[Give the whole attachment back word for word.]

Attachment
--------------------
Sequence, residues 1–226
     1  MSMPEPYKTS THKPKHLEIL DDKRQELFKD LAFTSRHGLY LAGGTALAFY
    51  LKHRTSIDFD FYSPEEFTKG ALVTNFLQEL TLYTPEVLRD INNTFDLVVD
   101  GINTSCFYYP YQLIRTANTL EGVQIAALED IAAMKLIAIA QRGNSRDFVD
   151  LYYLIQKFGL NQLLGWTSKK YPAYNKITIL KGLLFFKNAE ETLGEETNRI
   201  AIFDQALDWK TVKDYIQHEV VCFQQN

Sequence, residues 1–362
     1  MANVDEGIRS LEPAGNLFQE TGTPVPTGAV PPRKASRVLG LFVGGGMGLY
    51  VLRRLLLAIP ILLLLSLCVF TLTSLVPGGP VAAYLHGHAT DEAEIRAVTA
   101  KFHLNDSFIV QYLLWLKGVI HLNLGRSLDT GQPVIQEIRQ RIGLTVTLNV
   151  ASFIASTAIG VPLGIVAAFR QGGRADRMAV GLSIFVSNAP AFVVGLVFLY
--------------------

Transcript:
Sequence, residues 1–226
     1  MSMPEPYKTS THKPKHLEIL DDKRQELFKD LAFTSRHGLY LAGGTALAFY
    51  LKHRTSIDFD FYSPEEFTKG ALVTNFLQEL TLYTPEVLRD INNTFDLVVD
   101  GINTSCFYYP YQLIRTANTL EGVQIAALED IAAMKLIAIA QRGNSRDFVD
   151  LYYLIQKFGL NQLLGWTSKK YPAYNKITIL KGLLFFKNAE ETLGEETNRI
   201  AIFDQALDWK TVKDYIQHEV VCFQQN

Sequence, residues 1–362
     1  MANVDEGIRS LEPAGNLFQE TGTPVPTGAV PPRKASRVLG LFVGGGMGLY
    51  VLRRLLLAIP ILLLLSLCVF TLTSLVPGGP VAAYLHGHAT DEAEIRAVTA
   101  KFHLNDSFIV QYLLWLKGVI HLNLGRSLDT GQPVIQEIRQ RIGLTVTLNV
   151  ASFIASTAIG VPLGIVAAFR QGGRADRMAV GLSIFVSNAP AFVVGLVFLY